- The Centre for Attachment - New Zealand
- The B4 School Checks - 2008
- Plastics and infant feeding - WHU January 2006
- Lone mothers face money worries and health risks- WHU July 2001
- Older fathers & offspring risk - WHW June 2001
- Parents, children and doctors: Who's got it right?- 2000
- Parental consent for treatment and staff training in neonatal intensive care units- 1999
- Vitamin K for babies still a poser - WHU Jan 1998
- Ultrasound scans during pregnancy
- Vitamin K does my new baby need it?
See also Breastfeeding
The Centre for Attachment (CFA)
The Centre for Attachment (CFA) is a New Zealand-based agency dedicated to providing support, education and training for families, organisations and communities on optimal child development and attachment.
The B4 School Check is a nationwide programme offering a free health and development check for four year olds. Delivery of the Check started in four DHBs (Waikato, Nelson Marlborough, MidCentral and Lakes) in June 2008. The remaining DHBs across the country started delivery of the B4 School Check from September 2008.
The B4 School Check aims to identify and address any health, behavioural, social, or developmental concerns which could affect a child's ability to get the most benefit from school, such as a hearing problem or communication difficulty. It is the eighth core contact of the Well Child Tamariki Ora Schedule of services, and replaces the New Entrant Check that was offered in some areas.
For more information, refer to the links below.
- Information for parents
- Information for health sector
- Information for early childhood education services and teachers
Or for more information on the delivery of the B4 School Check in your area, contact your DHB's Key Contacts
What people are saying about the B4 School Check
The B4 School Check was trialled in the Whanganui and Counties Manukau DHBs from August to November 2007. The trial services were evaluated by an independent organisation to help fine tune the B4 School Check for introduction around the country in 2008. Parents of children who received the B4 School Check were asked what they thought about the service, and here are some of the results:
- Nearly all of the parents who participated (98%) indicated that they would recommend the programme to others.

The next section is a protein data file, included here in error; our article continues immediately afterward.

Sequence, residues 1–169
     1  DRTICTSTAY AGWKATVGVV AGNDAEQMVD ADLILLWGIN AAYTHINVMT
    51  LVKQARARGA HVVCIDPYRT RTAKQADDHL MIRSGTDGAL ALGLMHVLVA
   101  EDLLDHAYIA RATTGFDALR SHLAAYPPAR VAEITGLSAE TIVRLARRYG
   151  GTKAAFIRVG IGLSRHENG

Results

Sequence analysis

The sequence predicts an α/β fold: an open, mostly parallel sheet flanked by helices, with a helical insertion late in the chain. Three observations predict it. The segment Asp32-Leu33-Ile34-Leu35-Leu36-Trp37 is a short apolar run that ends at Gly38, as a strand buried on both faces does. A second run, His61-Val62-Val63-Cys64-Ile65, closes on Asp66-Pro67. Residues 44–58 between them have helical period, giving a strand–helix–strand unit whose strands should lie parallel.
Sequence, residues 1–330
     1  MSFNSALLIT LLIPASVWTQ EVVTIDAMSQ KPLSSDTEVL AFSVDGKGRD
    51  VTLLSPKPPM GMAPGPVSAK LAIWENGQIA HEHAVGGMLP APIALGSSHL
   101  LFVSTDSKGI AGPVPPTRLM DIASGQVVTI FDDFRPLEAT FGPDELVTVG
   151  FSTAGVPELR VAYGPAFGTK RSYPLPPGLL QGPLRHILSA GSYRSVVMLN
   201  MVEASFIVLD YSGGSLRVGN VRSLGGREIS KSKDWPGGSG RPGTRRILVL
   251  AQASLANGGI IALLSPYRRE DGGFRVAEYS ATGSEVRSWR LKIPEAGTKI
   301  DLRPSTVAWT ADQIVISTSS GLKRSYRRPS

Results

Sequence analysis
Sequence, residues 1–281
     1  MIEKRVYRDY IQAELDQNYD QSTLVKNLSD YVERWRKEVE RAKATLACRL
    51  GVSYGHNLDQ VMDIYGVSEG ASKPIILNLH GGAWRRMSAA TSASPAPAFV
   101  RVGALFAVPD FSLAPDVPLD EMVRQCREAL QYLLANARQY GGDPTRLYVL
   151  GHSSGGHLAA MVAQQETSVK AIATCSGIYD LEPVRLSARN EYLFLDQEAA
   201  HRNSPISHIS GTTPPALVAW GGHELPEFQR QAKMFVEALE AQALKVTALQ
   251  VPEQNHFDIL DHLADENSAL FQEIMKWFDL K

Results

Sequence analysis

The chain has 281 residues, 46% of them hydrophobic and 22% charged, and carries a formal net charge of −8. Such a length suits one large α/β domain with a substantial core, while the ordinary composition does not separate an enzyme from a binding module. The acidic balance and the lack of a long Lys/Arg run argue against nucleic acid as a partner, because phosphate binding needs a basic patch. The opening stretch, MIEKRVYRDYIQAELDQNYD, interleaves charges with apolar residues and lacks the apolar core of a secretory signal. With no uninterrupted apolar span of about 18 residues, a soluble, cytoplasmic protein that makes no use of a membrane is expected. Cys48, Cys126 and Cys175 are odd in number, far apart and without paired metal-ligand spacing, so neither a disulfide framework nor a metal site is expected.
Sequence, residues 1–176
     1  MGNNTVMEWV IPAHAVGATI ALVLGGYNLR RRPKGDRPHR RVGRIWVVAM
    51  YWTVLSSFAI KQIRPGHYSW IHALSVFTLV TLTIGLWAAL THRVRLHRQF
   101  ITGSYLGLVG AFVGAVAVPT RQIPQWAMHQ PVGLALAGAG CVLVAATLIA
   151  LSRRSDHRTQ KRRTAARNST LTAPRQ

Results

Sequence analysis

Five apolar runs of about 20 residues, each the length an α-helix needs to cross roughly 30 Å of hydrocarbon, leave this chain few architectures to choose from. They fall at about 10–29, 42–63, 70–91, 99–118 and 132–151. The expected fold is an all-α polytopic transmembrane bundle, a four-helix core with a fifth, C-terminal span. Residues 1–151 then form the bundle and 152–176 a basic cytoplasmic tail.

- 92% reported high levels of satisfaction.
- Most parents (86%) reported high levels of confidence in the programme.
- 99% of survey participants felt that their child's check was completed in a culturally appropriate manner.
January 2006 Women's Health Update
There is growing concern about the potential health effects of plastics on babies and young children. Plastic products and packaging are everywhere; unfortunately many plastics contain harmful chemicals. Recently the US Public Interest Research Group released a report on the prevalence of toxic chemicals in baby products, "The Right Start: The Need to Eliminate Toxic Chemicals from Baby Products".1 The report found wide spread use of toxic chemicals in nine popular baby products. A 2004 study showed that bispheno-A, a compound found in many types of baby bottles, has the potential to cause structural abnormalities in human cells and inhibits their growth. Read More (pdf)
Lone mothers face money worries and health risks
July 2001 Women's Health Update
Sandra Coney reports on recent research from Otago University which throws new light on lone mothers in New Zealand.
Otago University research fellow Diana Sarfati was moved to look at lone mothers after experiencing three weeks on her own with small children while her partner was away. Her youngest, 12 weeks old, was not sleeping. Sarfati wondered how lone mothers, with fewer material and emotional resources, coped.
Sarfati found that no one else in New Zealand had looked at the health of lone mothers as a central issue, yet it deserved to be. Twenty-seven percent of all families with dependent children in New Zealand are headed by a lone mother. With the focus now on determinants of health, the fact that lone mothers have very low family incomes should make them an important group in developing public policy... Read More